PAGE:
Progressive rate springs have a softer spring rate during some initial portion of compression or elongation, but then get progressively stiffer as continued force is applied. This is typically accomplished by changing the shape of the spring. This ability to start soft and get firmer with higher compression allows the spring to accommodate typical street bumps with satisfactory comfort. On the track under high braking or cornering forces, the spring's stiffer region comes into effect to reduce the body roll compared to the stock spring. Compared to a full race spring, there is a little more body roll before the spring takes a firm set, but that's the compromise of a dual purpose car.
Most after-market progressive-rate springs start out about 15% firmer than the stock part, and get stiffer from there. Though they offer acceptable bump absorption, they do give the vehicle a noticeably rougher ride, especially with larger bumps where the spring becomes stiffer. However, given the success of these springs, the comfort for performance trade off is considered well worth it by sports car enthusiasts.
In selecting an after-market spring set, you should know how much stiffer than stock it is, whether it is progressive or linear, and how much it will change the car's ride height. If you're concerned about losing too much ride comfort, you should ride in another car as closely prepared to yours as possible. Some people stiffen their suspensions for periodic racing only to discover they really don't care for it the remaining 97% of their driving time.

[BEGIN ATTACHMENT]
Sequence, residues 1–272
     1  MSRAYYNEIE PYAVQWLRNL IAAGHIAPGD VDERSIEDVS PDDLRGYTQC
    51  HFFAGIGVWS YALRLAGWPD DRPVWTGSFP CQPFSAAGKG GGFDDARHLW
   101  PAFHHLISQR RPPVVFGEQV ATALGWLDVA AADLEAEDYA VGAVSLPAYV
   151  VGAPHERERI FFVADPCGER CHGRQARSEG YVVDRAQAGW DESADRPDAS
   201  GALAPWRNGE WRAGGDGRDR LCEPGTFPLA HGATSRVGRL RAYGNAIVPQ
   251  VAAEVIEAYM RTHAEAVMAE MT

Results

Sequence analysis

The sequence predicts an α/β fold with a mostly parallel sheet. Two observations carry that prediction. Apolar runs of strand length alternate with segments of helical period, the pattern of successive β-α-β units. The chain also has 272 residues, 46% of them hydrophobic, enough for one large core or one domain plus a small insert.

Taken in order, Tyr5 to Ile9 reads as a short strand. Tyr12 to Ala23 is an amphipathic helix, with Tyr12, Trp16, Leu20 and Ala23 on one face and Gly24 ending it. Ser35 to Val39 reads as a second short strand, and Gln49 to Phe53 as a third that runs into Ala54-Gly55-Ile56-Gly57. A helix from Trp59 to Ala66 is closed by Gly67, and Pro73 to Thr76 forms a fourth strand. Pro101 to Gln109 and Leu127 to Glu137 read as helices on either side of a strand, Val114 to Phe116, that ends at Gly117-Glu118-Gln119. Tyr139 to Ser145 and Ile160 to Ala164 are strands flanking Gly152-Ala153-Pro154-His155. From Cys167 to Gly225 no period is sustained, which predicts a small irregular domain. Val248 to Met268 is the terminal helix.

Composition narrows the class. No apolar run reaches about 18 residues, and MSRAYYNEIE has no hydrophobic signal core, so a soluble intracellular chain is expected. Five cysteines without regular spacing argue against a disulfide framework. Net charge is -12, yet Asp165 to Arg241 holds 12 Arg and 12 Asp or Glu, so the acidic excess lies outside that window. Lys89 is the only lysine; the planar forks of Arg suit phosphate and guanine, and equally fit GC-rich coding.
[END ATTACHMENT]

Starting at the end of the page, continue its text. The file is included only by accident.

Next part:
You should also know what other suspension changes you're going to make to the car including wheel and tire sizes, and talk with a technician experienced with your car type. Certain combinations of springs, shocks and tire sidewall sizes will function better than others. A mechanic from a specialist shop or race team may offer some advice learned from experimentation and testing.
One other thing related to spring selection is that of vehicle ride height. On the street, the variety of road surfaces, speed bumps, drainage channels, and steep driveways requires the car's lowest point have a certain practical height above the road to avoid damaging the car.